Try using InDesign's clipping path functions to isolate your snow globe (and if the type is part of the original image, the display type) from the background. You can learn more about InDesign clipping paths through this link. Even better would be to create clipping paths directly within Photoshop to isolate your image content from the background. The Adobe help file here kind of talks around using clipping masks to allow layers to appear behind image content with this link, but it also lets you isolate content from the background on a single layer to exclude the scummy blue background you're getting on your card. Either option may work for you, but I find the Photoshop option is often the better choice.
Hope this helps,
Hello. Thank you very much for your answer. So what you are basically saying is that the problem comes from editing the JPEG? If that is so, it's strange because I printed like this, with the light editing on the JPEG, and did not had this problem before. The first time that I printed this card I had no blue dots problems, and then for whatever reasons I got the blue dots. So that is why I am wondering what could have happend.
However I will try doing what you suggested to see if it helps. Thank you very much again.
My suspicion is that when you went to vectorize the JPEG, it not only faithfully drew arouund all the content in your snow globe but it also faithfully reproduced all the random shading/screening in the background, then exaggerated the screening effect you see when you print it out.
Think of it like making a photocopy of a photocopy of a photocopy of an original image. Smooth shades get a little grainier with each duplication, which creates that scummy texture you can use to sand your fingernails. I'm confident that's how this old-timey image got to you. If you didn't scan it from printed, screened material yourself, by previous experience I'm pretty confident that whoever created the JPEG you're using already did. Theoretically, that image degradation should stop when you digitize an image. But when adjusting the color settings to make the blue richer in your image, it unfortunately exaggerated the blue screened trash in the background. Further, when you vectorized the snow globe image, it reproduces that enhanced grain in the background just as faithfully as it does the snow globe image you want to reproduce. And exaggerates the issue.
Computers, and by extension, the printers connected to them, are stupid but eminently logical machines. They have no idea of what they should reproduce; they can only faithfully process the data, good or bad, that they find to reproduce. By using a clipping path with InDesign, or defining a clipping mask with Photoshop, there is no extraneous data in the background to reproduce. You've knocked that backgound out. And that will be the end of your problem.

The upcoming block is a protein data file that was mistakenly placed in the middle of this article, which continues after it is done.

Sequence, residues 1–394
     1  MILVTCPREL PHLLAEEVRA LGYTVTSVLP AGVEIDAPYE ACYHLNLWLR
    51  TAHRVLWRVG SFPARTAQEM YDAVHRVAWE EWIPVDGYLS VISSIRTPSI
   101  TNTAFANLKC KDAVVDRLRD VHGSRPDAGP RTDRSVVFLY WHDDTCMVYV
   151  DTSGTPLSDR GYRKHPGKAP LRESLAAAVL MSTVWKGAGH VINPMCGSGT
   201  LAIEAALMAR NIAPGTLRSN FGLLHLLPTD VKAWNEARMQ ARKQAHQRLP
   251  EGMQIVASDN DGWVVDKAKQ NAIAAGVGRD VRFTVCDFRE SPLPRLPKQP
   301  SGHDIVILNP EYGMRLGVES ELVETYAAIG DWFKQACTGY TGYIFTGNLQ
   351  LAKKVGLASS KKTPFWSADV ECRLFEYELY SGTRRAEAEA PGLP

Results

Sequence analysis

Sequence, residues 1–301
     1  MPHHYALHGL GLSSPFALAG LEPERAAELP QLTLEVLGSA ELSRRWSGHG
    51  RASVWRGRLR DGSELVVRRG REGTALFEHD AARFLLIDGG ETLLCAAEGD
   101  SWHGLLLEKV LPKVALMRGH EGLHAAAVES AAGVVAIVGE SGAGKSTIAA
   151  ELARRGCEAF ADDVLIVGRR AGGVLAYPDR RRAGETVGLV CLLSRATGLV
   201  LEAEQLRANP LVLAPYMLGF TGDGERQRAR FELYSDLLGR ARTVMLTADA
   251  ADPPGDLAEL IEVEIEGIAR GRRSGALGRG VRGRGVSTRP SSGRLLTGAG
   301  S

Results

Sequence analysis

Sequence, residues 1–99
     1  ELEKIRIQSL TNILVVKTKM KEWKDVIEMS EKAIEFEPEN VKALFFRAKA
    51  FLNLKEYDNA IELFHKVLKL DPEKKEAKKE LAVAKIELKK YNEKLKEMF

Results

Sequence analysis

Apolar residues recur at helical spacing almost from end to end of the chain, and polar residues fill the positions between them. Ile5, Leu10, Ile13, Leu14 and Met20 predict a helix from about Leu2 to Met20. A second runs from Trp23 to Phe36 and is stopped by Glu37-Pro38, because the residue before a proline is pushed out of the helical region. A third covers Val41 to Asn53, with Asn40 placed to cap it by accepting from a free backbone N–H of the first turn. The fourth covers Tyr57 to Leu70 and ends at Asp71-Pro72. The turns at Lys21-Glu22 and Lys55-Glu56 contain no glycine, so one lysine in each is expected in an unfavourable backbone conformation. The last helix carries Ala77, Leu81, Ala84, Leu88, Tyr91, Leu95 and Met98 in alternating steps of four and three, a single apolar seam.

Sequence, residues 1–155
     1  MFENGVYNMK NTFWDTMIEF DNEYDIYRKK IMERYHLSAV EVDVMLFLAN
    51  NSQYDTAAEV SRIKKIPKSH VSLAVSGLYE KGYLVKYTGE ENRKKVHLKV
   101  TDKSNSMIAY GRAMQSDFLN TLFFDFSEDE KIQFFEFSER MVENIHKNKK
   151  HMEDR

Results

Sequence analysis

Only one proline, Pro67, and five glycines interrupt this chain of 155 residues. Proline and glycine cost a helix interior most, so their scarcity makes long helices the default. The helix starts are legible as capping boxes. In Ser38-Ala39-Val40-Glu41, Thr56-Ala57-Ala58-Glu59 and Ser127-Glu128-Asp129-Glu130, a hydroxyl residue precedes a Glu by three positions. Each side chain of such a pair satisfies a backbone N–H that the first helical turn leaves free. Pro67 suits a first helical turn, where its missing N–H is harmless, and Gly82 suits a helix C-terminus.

For what it's worth, I know this because I've messed up this way before. On more than one occasion, I'm embarrassed to say. That's why I'm confident that when you knock out that background from your image, your reproduction problems will end.
Hope this works well for you, and Happy Holidays.
You might benefit from using Levels or Curves adjustments to "whiten" your background.
In Photoshop, a quick way is to use Levels:
Open the Levels adjustmnet and then select the white eye dropper and click somewhere in your image background. This will create a new white point that should get rid of the color cast in your background. see attached. To be sure, you can pull the white slider on the histogram over to the left a bit more.
This adjustmemt will also change the overall histogram a bit, so you can pull the middle grey slider in the center over a touch to keep your midtones where they were.
Hi @AndreeaCi , Is there a reason for converting your InDesign doc to the Japan Color 2001 Coated CMYK profile? That CMYK profile would be for an offset press, not a composite inkjet printer.
Inkjet printers almost always use RGB drivers—they expect the color to be RGB and the conversion to the printer output space is handled by the driver software’s media profile, which you choose in the Printer... dialog. If you want to export a PDF and print from Acrobat, try exporting to document RGB and see if that helps:
The conversion into the printer’s output space is typically handled by the media type in Print Settings—these are ICC color output profiles: